Sue Kim, director of an Oscar-shortlisted short documentary about competitive Rubik’s Cubers, can solve a complex storytelling puzzle in under 40 minutes.
In The Speed Cubers Kim rotates between two main characters—Australian Feliks Zembegs and American Max Park, two of the fastest to ever solve cubes in competition.
“Feliks is the GOAT in the same way that Michael Jordan is the GOAT. His records may never be broken or no one might ever reach the level of dominance that he reached, but he’s clearly being unseated by Max,” the director tells Deadline. “Max is kind of like LeBron. He’s like the current GOAT, where he’s unbeatable right now, but who knows if he’s going to have the legendary career that Feliks had.”
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The Speed Cubers recounts how Zemdegs came to the fore in 2013, winning the World Cube Association World Championship. He repeated in 2015, but two years later Park upset him to take the crown. The documentary builds toward the 2019 Worlds, where Park and Zemdegs readied to go head to head again.
But The Speed Cubers is more than simply a competition movie. It reaches emotional depths by exploring the supportive relationship between the two cubing greats, and the transformative power of that bond for Max, who is on the autism spectrum. For him, Feliks is part idol, part role model.
“They started slowly developing this friendship. I saw it happen before my eyes at the US Nationals [in 2018], where they were clearly the two most favored to win,” Kim recalls. “They were fierce rivals and they so obviously loved each other. They hang out together. Feliks is so kind to Max. He’d always pump him up or bring him into photos. Just seeing that, even from afar, it moved me incredibly.”
That Park can cube at all, let alone at dizzying speed, represents something of a miracle. Many autistic kids struggle with manual dexterity, as did Max.
“The reason why Schwan and Miki, Max’s parents, initially thought to give him a Rubik’s Cube was because he particularly had difficulty with fine motor skills. He couldn’t open a water bottle,” Kim explains. “One of the things that Max is known for more than anybody else is his turning speed…It’s his finger dexterity and his accuracy in turning that puts him heads above everybody else…It’s pretty amazing that he turned that particular obstacle into literally his greatest strength as a competitor.”
Netflix acquired the documentary “at the treatment phase,” Kim says. She had planned to make it a feature, but Netflix execs convinced her a short was the way to go.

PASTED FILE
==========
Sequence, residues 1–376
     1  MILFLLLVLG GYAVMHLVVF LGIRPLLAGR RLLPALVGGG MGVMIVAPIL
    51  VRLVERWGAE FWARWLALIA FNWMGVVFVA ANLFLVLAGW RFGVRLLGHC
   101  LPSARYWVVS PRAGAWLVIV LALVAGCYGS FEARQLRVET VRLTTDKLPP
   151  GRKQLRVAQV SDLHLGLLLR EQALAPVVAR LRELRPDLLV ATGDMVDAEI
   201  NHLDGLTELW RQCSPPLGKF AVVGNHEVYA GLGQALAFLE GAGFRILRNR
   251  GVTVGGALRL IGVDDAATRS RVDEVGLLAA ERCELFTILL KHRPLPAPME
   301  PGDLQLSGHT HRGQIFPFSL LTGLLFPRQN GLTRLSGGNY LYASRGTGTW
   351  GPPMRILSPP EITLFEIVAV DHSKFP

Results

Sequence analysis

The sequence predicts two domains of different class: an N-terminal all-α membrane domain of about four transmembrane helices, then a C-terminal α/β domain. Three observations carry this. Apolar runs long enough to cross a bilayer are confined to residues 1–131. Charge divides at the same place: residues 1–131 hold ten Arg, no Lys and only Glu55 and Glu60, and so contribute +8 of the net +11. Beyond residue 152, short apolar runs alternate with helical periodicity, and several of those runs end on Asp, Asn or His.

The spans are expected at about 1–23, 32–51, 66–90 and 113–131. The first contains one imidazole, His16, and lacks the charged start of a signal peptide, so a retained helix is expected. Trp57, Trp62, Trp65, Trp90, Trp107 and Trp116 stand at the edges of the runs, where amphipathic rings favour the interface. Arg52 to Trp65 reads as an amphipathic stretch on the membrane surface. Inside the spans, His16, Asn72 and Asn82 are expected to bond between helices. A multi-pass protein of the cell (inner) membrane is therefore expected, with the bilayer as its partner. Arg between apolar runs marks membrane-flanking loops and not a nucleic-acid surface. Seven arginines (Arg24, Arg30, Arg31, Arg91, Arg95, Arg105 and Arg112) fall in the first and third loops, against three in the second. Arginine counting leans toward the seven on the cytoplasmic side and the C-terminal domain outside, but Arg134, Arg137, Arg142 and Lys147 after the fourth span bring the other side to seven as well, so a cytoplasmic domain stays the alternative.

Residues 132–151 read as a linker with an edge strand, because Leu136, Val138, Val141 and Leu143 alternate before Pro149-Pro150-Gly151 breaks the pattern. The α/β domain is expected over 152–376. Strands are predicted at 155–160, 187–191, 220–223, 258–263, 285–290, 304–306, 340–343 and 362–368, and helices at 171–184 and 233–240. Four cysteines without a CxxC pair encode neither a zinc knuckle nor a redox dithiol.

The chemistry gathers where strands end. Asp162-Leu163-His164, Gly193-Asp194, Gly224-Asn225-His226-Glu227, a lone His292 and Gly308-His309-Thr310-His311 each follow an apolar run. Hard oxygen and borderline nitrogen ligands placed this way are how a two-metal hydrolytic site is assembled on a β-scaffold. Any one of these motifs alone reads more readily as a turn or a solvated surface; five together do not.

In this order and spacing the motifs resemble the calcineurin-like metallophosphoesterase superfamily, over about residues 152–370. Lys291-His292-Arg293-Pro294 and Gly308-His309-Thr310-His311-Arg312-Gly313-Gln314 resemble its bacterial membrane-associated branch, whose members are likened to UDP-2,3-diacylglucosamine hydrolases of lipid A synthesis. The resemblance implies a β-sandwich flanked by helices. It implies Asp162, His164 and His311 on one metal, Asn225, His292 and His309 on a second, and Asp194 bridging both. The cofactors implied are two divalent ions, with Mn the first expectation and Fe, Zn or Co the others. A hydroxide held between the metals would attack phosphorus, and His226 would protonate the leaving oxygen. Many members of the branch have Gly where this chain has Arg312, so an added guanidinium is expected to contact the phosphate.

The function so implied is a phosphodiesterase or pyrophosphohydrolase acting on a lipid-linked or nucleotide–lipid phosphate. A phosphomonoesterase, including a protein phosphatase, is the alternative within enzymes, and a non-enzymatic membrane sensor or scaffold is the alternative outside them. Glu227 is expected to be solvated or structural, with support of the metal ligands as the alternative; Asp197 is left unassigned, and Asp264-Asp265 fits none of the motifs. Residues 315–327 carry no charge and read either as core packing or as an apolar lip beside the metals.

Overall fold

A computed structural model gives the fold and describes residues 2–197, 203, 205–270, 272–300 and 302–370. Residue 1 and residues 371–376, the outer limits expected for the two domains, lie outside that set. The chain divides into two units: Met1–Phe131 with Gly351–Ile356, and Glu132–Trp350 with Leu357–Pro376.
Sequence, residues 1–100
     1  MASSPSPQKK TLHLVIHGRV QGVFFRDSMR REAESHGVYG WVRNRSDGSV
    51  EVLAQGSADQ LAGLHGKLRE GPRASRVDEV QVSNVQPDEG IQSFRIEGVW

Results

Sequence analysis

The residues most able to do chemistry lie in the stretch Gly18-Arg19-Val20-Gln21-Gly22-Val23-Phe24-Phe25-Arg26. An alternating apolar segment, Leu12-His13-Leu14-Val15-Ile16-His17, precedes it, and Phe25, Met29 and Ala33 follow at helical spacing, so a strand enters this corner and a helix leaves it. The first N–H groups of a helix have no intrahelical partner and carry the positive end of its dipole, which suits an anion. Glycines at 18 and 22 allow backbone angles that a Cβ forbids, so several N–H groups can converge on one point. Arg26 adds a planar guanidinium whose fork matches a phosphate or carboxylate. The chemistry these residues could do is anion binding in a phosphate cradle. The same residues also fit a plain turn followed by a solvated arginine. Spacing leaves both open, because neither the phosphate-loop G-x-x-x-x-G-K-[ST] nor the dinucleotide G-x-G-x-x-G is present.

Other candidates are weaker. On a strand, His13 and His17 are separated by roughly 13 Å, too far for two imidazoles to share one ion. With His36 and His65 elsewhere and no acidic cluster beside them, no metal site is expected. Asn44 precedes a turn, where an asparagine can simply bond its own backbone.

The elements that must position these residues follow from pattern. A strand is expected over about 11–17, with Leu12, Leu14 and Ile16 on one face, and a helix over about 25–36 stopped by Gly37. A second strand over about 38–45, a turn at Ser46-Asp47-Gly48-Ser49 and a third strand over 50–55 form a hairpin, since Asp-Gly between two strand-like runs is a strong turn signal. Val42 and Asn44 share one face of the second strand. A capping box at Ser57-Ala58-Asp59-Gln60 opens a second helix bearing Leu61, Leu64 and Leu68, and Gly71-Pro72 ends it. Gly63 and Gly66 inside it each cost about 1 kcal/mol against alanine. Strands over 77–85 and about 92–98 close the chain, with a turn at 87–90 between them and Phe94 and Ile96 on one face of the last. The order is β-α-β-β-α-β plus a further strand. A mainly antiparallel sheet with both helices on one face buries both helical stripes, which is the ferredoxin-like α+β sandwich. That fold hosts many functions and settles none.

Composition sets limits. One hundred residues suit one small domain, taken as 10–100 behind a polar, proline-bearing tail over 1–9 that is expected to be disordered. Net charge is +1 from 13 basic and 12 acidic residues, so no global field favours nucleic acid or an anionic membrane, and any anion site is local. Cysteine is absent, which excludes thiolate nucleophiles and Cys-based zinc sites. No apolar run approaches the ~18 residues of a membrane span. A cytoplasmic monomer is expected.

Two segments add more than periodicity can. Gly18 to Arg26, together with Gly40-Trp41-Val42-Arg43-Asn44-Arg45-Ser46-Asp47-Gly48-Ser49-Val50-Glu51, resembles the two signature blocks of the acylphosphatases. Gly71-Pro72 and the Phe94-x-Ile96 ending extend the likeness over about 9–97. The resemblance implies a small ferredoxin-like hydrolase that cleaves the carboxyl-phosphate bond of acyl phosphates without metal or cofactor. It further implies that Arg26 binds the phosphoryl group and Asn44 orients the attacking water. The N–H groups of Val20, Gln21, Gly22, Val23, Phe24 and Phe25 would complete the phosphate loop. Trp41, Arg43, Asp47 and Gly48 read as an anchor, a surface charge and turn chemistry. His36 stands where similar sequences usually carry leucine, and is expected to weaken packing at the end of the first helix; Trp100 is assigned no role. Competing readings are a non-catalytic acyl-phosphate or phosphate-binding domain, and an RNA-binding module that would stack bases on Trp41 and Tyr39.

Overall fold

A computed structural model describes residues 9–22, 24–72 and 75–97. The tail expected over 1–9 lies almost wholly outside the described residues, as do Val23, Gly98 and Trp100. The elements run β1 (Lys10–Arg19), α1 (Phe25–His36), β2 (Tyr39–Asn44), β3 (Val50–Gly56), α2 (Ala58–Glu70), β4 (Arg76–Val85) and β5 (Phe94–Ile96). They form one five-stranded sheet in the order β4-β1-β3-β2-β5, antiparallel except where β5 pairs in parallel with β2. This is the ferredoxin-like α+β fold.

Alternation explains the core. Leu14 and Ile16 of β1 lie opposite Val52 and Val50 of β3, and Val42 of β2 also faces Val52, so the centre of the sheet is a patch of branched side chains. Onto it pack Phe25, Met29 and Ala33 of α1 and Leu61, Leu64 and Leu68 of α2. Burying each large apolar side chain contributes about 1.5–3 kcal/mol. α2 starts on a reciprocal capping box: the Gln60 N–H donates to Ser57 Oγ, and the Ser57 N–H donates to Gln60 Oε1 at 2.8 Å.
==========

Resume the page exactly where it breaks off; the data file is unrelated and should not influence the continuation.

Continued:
“In my mind I had to restructure what I thought the story would have to be if I was going to cut it in half,” Kim tells Deadline. “They zeroed in on Max, Feliks, that storyline, and how unusual and potentially kind of life affirming it was.”
Kim quit her job in advertising to focus full time on making the film. The Speed Cubers is her first documentary, but she came to the subject with a lot of experience—her son Asher is a world-ranked cuber himself.
“We’re friends with all the cubing families. It’s a very, very tight knit community. That’s like our tribe as a family, that’s who we spend time with on the weekends. Very quickly, I knew I wanted to make a documentary about this world, especially the more I got to know it,” Kim shares. “It’s exactly as you see in the film, in that all the kids and adults are so incredibly kind and decent to each other, and the level of sportsmanship and just goodwill, I’ve never seen. I’ve never stumbled across a universe so decent and wholesome and pure.”
Stories, whether fiction or nonfiction, tend to require conflict to resonate with audiences. But in this environment there aren’t snickering bad guys, twisting their mustaches as they toss sand into a rival’s cube.
“There are no villains in this world. They really are just the loveliest, kindest kids and adults,” Kim affirms. “It’s a very improbable utopia.”
The director found her villain in the clock. It is the implacable foe, when tenths of a second separate winners from runners up, and cubes are solved in a flash.
“For me, it became obvious that the only true conflict,” Kim observes, “was the thing that’s out of everyone’s hands, which is the competition.”
The clock, in a larger sense, was not on Feliks’s side. As competitors age, they typically find it harder and harder to keep pace with the upstarts.
“[Feliks] is 23…He’s been dominant for 10 years. As we saw Schwan say, when people start to have adult lives, they start to drop off in the rankings,” Kim notes. “So it was going to be interesting to see how he dealt with loss and if he was going to be gracious if Max won, like truly helping usher in his successor…or was he going to really take it personally and in a hard way. That’s the tension that we had to lean into.”
The Speed Cubers is one of 10 shorts to make the Academy’s shortlist. It joined two other Netflix titles in that exclusive club—A Love Song for Latasha and What Would Sophia Loren Do? Kim says the recognition came as a surprise.
“Honestly, I was dumbfounded. I mean, everyone basically had warned me like, ‘Hey, this is a total long shot,’” Kim tells Deadline. “To actually make it to the shortlist, I was in a state of shock. I’m still kind of in a state of shock.”
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